Illegal aliens who use these services would not be able to provide documentation that meets the standards required by the regulations and would therefore be unable to remit money to their families in Mexico, an amount estimated by the World Bank at about $24 billion in 2014.

You might think that the plan represents a level of cleverness beyond what we’ve seen from the Trump camp before. But lest you think that The Donald has suddenly had a fresh new idea, a proposal for “remittance status verification” was actually brought to the U.S. Senate, in slightly different form as S.79, in January 2015 by Senator David Vitter (D-LA).

Please read the rest of my article for the American Spectator here:


Electability is not a four-letter word

If the average of recent polls showing Donald Trump losing to Hillary Clinton by more than 11 percentage points is correct, you’d have to go back to Ulysses Grant’s 1872 thumping of Horace Greeley to find such a landslide.

Even recent elections that we think of as utter domination (1980 – Ronald Reagan over Jimmy Carter by 9.7%, 1988 – George H.W. Bush over Michael Dukakis by 7.7%, 1996 – Bill Clinton over Bob Dole by 8.5%, 2008 – Barack Obama over John McCain by 7.3%) pale in comparison to Trump’s looming loss to Clinton.

Perhaps the comparison to 1872 is particularly apt as Grant, running for re-election, carried a whiff of corruption and scandal (which turned into outright stench a few years later) but won an overwhelming victory against a famous but unappealing challenger who ran, literally, as a Liberal Republican. In 2016, we face the spectacle of an utterly corrupt, national-security-risking, professionally incompetent Alinsky-loving rape-defending shakedown artist and liar trouncing the current front-runner of the FGOP (Formerly Grand Old Party) who has a lifetime full of holding liberal policy positions.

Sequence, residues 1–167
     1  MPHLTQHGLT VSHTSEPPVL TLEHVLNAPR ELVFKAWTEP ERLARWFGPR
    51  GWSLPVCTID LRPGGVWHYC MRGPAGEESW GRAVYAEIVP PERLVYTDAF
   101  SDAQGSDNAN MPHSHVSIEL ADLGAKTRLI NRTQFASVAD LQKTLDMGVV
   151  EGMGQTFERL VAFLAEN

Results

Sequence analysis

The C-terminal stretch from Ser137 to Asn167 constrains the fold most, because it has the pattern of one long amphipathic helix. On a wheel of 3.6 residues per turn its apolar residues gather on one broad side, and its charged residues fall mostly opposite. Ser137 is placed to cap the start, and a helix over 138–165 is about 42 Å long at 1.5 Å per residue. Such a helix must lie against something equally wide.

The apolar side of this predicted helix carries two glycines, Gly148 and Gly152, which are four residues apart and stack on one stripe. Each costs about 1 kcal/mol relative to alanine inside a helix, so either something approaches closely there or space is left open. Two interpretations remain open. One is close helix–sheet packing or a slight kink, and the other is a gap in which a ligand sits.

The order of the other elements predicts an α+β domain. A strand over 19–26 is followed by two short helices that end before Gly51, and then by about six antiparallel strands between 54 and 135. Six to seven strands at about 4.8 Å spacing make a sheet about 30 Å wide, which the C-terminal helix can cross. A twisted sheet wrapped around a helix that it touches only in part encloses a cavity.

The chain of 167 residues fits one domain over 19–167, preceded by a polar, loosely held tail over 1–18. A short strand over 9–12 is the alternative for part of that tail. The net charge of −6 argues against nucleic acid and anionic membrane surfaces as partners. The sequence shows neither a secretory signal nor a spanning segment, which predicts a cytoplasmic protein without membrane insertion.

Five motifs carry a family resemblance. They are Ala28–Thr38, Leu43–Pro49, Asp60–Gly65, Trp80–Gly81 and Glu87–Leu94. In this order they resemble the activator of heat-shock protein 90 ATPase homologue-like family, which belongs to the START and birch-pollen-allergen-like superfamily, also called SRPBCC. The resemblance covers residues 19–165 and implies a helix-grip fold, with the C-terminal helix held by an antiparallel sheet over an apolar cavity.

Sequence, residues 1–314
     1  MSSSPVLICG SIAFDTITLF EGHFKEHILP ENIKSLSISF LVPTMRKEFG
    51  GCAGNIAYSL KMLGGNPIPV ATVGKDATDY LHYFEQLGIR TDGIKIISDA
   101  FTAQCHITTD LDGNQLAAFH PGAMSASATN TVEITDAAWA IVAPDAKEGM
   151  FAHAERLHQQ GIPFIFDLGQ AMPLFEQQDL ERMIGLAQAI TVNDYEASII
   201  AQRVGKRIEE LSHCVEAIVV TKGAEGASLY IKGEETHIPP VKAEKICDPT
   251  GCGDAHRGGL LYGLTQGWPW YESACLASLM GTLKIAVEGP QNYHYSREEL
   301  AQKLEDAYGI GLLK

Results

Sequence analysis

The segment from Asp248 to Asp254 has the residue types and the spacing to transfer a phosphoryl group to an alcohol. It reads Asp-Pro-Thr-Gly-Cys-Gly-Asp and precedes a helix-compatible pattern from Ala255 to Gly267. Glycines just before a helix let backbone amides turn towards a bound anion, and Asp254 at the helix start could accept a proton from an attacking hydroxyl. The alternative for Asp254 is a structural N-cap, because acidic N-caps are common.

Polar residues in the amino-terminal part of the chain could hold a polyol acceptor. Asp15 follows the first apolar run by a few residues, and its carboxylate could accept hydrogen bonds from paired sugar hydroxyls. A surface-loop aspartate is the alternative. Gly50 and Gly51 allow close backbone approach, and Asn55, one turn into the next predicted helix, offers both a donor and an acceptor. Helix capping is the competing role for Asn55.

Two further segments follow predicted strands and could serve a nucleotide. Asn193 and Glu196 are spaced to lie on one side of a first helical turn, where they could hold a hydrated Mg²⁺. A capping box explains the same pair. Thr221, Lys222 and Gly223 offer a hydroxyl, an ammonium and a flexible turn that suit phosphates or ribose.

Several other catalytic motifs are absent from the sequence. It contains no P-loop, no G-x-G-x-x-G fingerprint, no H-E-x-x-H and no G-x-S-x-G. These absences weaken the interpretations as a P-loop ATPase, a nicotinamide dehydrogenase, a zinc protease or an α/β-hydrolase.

From time to time, “conservatives” tell me that my consideration of electability — who has the best chance of winning the general election — is misplaced and I should focus more on principle. Then when I do (as I always do anyway), and write that, for example, I can’t support John McCain, they tell me that the most important thing is beating the Democrat and I should vote for any candidate, no matter how flawed, who has an “R” after his name. They can’t have it both ways.

Please read the rest of my article for the American Spectator here:

Fifty Seconds

Fifty seconds. A little more than one second per dead body. That’s what President Barack Obama spent opening his Tuesday morning press conference from Havana, Cuba, reacting to the death of at least 30 human beings and injuries to at least 230 more in two coordinated terrorist attacks in Brussels.

Fifty seconds.

I suppose you’ve got to keep on schedule when there’s a baseball game to get to, right?

The “move along, folks” attitude following another Islam-perpetrated catastrophe perfectly befits this president, the same man who on November 5, 2009, gave a “shout-out” and spoke about “an extremely productive (Tribal Nations) conference” for nearly two minutes before addressing that morning’s massacre of American servicemen and women by Major Nidal Hasan at Fort Hood.

Please read the rest of my article for the American Spectator here: